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Kara MasonKara MasonAugust 1, 20173min2093

Eight German exchange students headed for Salida got a taste of increasing political tensions regarding immigration policy in the U.S. over the weekend.

Before being detained at Denver International Airport, immigration officials “insisted they (the students) were coming in and taking work away from U.S. citizens, which is illegal since they have no work visa,” Susan Masterson, who has coordinated the exchange program for six years, told the Salida Mountain Mail.

Masterson said she was at the airport when the students were detained.

The students that planned on spending three weeks in the southern Colorado mountain town ended up spending Friday night in a detention facility. Meanwhile Masterson said she was in contact with state Rep. Jim Wilson, the governor’s office, Congressman Doug Lamborn’s office and Sen. Michael Bennet’s office.

But none could prevent the students, all 18 years old, from being deported back to Germany. Immigration enforcement officials determined the students were attempting to enter the country on the wrong visa, a tourist visa.

Masterson said she was blown away by the outpouring of support from different agencies. The Mountain Mail reported that Masterson wrote in a letter to the German families Lamborn’s office did everything they could to help, but “nothing could be done.”

“We’ve never had a problem like this before,” Masterson told Colorado Politics, adding that she has connections to the German school the students were coming from and hasn’t had a visa problem any of the years since she began the program.

So, was the incident a result of the contentious political climate surrounding immigration?

“Oh I think so,” Masterson said. “Controls have definitely tightened.”

The students have returned to their families, Masterson said. But “they don’t have a very good impression of our country.”

Masterson said she’s hoping to get the community to send some sort of letter to the students, so they know they’re welcomed in Salida.



Joey BunchJoey BunchMay 12, 20174min263

Jeanette Vizguerra was supposed to be deported from Colorado Friday after living, working and raising kids in the United States for two decades, but instead, as Erica Meltzer of Denverite reported Thursday, U.S, Immigration and Customs Enforcement has granted the undocumented resident a two-year stay.

Arturo Hernandez, another Mexican citizen living in Denver without documentation, will be free to make a case to stay until March 15, 2019, as well.

Hernandez has been held in an ICE detention facility but will now be able to attend his daughter’s graduation, advocates said. Vizguerra has been living in sanctuary in the basement of Denver’s First Unitarian Society Church since February.

A labor union activist, Vizguerra particularly has become an immigration championed nationwide by activists and Democrats to push back against President Trump’s immigration-enforcement crackdown.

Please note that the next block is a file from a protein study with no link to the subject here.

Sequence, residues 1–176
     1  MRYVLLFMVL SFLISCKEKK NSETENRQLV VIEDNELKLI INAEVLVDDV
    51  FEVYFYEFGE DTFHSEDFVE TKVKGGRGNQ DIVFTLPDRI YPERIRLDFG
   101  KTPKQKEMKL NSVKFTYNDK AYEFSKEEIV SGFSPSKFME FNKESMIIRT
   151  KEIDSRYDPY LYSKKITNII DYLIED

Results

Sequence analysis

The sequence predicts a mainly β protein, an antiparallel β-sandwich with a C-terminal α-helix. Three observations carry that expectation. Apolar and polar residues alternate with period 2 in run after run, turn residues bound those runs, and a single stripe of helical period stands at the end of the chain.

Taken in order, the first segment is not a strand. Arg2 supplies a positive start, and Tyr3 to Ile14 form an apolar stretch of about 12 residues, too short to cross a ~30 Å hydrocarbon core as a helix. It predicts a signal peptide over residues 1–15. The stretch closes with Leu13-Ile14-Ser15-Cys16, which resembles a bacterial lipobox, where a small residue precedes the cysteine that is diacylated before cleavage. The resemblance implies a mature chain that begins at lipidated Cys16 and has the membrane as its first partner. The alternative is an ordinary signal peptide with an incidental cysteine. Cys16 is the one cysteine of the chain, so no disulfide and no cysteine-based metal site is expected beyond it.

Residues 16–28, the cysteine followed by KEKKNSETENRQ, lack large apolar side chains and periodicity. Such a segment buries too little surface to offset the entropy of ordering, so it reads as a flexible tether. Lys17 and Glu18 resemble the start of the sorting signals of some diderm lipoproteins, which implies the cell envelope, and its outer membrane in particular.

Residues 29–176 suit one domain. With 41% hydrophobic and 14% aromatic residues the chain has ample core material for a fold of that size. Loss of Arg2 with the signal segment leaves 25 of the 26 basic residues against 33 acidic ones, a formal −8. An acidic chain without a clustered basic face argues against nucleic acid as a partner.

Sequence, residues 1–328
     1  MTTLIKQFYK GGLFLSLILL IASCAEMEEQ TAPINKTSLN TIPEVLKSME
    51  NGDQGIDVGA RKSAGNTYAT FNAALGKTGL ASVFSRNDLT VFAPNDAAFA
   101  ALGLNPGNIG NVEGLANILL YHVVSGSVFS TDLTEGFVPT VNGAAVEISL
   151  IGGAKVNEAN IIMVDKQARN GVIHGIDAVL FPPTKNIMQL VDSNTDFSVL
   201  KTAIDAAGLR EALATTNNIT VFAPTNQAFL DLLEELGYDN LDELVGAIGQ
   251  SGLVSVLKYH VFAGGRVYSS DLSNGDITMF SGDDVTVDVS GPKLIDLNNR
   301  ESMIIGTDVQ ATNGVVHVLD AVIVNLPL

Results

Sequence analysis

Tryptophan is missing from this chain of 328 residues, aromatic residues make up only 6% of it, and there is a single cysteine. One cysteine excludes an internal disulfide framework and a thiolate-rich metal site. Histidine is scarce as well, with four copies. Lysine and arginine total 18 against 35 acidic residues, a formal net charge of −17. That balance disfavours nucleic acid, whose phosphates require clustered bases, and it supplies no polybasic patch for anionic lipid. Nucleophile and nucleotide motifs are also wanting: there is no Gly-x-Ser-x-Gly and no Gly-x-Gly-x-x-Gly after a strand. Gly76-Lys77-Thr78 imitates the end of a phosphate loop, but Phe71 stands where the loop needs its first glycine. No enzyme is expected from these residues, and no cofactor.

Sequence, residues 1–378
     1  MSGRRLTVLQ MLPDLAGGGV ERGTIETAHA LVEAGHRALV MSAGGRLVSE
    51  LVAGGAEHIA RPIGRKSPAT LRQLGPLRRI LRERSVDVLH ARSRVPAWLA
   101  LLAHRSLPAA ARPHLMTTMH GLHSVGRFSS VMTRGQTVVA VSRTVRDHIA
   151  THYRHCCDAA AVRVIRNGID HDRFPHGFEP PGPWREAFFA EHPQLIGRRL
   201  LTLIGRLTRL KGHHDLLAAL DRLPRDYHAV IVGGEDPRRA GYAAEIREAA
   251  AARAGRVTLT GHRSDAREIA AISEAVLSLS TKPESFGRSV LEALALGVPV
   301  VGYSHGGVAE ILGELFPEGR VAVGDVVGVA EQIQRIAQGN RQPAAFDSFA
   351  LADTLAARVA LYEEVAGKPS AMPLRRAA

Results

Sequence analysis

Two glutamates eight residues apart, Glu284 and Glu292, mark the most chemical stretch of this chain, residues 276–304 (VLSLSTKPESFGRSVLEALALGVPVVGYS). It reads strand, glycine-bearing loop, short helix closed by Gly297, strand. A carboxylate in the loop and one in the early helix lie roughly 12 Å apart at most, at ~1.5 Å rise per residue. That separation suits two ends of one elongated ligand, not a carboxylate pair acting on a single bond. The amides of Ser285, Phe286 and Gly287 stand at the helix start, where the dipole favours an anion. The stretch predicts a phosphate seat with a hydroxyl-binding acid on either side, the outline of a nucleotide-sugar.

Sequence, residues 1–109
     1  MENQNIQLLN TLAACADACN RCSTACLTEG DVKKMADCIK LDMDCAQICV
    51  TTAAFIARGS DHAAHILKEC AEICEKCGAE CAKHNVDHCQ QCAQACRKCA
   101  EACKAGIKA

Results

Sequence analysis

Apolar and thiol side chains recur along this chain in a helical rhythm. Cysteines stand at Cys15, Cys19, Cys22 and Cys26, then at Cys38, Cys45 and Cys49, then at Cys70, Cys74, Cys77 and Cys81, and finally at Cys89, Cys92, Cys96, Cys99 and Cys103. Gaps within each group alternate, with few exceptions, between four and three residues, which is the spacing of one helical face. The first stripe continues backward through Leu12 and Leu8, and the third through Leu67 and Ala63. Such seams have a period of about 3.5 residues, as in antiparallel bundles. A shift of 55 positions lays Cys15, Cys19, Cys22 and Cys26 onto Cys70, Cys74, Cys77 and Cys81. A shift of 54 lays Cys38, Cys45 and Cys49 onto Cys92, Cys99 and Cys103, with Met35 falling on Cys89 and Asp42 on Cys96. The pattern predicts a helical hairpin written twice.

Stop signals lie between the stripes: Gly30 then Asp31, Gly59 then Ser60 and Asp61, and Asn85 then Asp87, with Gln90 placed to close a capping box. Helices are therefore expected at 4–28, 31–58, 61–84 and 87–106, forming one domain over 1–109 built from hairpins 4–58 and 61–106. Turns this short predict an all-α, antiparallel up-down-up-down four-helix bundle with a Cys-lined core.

They stress that such public policy destroys families. Vizguerra has four children, three of whom are American-born and younger than 12.

“Our system is tearing many other families apart,” Vizguerra said in a statement from the Metro Denver Sanctuary Coalition. “I will continue to lead the fight to keep families together, to grow the capacity of sanctuary and of my community to resist deportation and exploitation.”

State Rep. Joe Salazar, D-Thornton, has championed the pushback on Trump’s immigration policies and was elated about the turn of events. Salazar is a candidate for Colorado attorney general next year.

“I am very happy about the decision to return Jeanette to her family,” he said Friday morning, reached by text message. “Above all else, we are a nation of compassion. Jeanette and her family deserve our support.”

Democratic U.S. Sen. Michael Bennet of Denver said in a statement of the two undocumented Coloradans, “I am pleased to hear that Jeanette and Arturo have been granted temporary stays. We have been working closely with them on their cases—coordinating with their lawyers, and we introduced private bills for each in the Senate.

“These Coloradans have lived in our state for years, contributed to our economy, and should never have been targets for deportation in the first place. While I’m glad the stays will give Jeanette and Arturo more time to receive due process, this is also a reminder that there are many more families like theirs across the country experiencing similar fear and uncertainty. We must continue fighting for policies that keep families together and fix our broken immigration system.”

Editor’s note: Colorado Politics is trying to reach opponents of the immigration stay for comment. This blog will be updated if they choose to weigh in.



Colorado PoliticsColorado PoliticsNovember 16, 201620min386

DENVER — Happy Wednesday to you! Hard to believe we are only eight days away from Thanksgiving. And this year we have much to be thankful for … Possibly for just getting through the nearly two-year 2016 election cycle. We all deserve an extra slice a pie for surviving it all. As soon as you down that last bite, start getting ready for 2018! Better yet, get a head start on your competitor and start preparing now. Yes, you do need to return from Vegas, as attractive as it is to homestead there forever. Lots of interesting stories from the Colorado press during the last 24 hours. While there have been fewer anti-Trump protests, we are seeing a strong reaction — for some a soothing comfort food, for others some late night fast food that just didn't settle quite right — from a clearly independent Colorado to the coming Trump presidency. ENJOY!